Synesthesia is a neurological phenomenon in which stimulation of one sensory or cognitive pathway leads to automatic, involuntary experiences in a second sensory or cognitive pathway (source: Wikipedia).
  1. I've met two patients with this.
    One was a successful musician. The other kept it to herself her entire young adult life because she was convinced she was crazy after realizing that others didn't experience the same thing.
  2. I decided to list about it because I think my niece might be a synesthete.
    She has repeatedly said things recently that make me think this might be true. Most recently, she has asked me to "look at the music" and "take a picture" of her "with the music." No music was playing. I'm still trying to figure out if this was a kid-ism, or if she has a gift.
  3. There are two forms of synesthesia: projective and associative.
  4. People with projective synesthesia see colors, forms, or shapes when stimulated.
    For example, they may hear music and see a flurry of different colors or shapes that appear when their auditory sense is stimulated. This particular type is known as chromasthesia (I want this SO badly!).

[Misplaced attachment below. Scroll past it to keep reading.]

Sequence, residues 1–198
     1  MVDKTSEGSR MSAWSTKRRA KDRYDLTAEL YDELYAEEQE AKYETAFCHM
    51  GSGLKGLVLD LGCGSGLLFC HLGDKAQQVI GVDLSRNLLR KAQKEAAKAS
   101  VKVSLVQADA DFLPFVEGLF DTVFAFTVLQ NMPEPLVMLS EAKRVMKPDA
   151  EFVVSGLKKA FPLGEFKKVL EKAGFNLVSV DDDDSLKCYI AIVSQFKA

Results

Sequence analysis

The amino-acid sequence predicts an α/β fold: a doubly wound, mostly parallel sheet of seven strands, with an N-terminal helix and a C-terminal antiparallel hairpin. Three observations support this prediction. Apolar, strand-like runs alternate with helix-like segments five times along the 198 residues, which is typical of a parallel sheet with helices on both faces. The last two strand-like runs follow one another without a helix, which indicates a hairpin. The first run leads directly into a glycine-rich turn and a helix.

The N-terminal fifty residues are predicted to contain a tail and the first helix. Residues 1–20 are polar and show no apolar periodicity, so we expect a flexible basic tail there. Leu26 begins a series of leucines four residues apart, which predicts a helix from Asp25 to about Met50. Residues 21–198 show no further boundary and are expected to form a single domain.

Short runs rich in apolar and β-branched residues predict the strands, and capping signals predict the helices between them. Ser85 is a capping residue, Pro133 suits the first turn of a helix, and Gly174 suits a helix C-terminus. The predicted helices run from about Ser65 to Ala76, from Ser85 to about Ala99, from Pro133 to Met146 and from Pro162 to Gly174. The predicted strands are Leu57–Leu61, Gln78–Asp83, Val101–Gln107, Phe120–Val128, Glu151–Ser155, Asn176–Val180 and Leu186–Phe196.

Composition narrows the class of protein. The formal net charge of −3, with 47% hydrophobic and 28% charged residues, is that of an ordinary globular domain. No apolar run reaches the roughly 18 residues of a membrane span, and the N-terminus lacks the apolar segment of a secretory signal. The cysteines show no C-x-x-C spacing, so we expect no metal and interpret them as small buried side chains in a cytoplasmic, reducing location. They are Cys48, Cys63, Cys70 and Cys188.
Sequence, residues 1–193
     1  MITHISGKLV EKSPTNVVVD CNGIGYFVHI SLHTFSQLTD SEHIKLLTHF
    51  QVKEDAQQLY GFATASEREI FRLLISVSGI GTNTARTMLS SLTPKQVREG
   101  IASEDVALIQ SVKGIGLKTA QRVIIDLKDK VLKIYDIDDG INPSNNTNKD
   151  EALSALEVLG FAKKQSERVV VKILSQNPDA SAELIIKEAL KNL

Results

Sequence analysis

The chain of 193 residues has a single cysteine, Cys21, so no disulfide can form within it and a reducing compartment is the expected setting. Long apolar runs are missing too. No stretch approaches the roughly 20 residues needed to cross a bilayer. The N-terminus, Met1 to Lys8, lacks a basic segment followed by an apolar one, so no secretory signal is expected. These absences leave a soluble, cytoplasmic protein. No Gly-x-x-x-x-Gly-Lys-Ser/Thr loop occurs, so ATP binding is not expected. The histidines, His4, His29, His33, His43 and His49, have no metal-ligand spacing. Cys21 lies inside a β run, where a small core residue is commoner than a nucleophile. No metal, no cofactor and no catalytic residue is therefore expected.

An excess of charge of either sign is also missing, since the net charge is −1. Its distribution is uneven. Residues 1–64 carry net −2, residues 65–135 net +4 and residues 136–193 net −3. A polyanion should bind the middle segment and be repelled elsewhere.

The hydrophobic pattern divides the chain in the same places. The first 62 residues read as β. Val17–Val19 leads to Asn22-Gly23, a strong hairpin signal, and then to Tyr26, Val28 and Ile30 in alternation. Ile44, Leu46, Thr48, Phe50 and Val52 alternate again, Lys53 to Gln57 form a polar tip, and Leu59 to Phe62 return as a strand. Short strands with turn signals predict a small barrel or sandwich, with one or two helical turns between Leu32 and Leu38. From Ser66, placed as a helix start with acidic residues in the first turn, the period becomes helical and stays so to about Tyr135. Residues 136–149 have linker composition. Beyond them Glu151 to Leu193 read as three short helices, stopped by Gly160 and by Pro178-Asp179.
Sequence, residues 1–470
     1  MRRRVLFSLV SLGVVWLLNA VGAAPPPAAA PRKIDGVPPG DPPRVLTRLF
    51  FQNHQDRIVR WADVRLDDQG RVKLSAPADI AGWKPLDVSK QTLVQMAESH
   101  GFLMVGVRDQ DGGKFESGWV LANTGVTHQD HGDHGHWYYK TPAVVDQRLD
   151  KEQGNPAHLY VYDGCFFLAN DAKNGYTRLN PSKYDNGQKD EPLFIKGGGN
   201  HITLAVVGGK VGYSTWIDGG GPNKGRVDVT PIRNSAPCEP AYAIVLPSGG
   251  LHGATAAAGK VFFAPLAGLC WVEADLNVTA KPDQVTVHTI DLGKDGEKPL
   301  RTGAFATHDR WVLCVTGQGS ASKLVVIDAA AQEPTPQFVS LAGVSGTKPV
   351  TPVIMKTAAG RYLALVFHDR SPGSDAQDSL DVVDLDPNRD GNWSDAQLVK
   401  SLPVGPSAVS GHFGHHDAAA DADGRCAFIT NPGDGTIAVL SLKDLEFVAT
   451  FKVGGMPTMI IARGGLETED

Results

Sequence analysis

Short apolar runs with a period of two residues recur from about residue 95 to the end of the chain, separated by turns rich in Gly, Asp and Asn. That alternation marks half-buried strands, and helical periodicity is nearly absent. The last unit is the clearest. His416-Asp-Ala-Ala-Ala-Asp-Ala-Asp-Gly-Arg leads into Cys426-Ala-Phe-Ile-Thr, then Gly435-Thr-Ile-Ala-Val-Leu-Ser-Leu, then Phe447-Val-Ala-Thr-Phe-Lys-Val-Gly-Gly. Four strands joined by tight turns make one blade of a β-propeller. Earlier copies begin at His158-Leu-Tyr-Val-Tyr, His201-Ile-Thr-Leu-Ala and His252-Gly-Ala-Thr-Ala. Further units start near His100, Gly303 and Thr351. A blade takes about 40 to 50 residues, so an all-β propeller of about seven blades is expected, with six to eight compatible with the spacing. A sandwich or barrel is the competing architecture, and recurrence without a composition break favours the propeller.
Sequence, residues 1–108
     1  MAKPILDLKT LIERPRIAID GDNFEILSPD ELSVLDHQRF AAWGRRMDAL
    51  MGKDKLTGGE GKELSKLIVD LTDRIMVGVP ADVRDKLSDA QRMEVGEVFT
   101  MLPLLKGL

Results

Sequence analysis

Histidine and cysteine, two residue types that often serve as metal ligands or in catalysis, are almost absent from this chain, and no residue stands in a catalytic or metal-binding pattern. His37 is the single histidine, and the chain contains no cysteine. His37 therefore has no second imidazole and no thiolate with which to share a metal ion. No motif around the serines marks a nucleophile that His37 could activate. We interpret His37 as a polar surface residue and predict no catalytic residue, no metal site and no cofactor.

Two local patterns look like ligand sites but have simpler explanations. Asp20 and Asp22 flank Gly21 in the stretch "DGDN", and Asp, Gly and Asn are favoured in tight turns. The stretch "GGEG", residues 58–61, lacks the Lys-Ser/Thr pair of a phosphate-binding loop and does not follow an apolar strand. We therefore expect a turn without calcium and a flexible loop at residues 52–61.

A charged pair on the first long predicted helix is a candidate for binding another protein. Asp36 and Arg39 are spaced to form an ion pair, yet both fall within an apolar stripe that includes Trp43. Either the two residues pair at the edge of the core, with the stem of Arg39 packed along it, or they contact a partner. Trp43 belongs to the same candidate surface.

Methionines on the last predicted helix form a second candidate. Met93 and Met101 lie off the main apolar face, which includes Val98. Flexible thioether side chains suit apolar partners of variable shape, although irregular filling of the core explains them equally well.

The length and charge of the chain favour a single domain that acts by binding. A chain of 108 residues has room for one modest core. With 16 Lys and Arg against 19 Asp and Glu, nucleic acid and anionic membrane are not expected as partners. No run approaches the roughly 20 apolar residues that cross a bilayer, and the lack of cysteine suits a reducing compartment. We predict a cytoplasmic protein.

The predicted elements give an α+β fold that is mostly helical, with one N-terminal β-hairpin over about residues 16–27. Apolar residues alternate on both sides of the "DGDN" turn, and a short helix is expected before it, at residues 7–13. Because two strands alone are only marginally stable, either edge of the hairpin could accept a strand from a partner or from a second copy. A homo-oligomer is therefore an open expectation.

5. People with associative synesthesia involuntarily feel a strong connection between the stimulus and the sense that it triggers.
    For example, they may hear a sound and think it *sounds* orange.
  6. Most synesthetes are extra creative and have either specific talents or great memories that are aided by this gift.
    For some, music comes more naturally because it's associated with colors. Others find reading or spelling easier because of the association with something visual.
  7. There is only one known synesthete to have linked ALL FIVE SENSES!
    Pretend you eat a banana, and it tastes like a banana, but causes you to see a blue shape, hear hummingbirds, feel velvet and smell rain. Can you imagine how cool, but possibly overwhelming, this could be? Literally, it is sensory overload.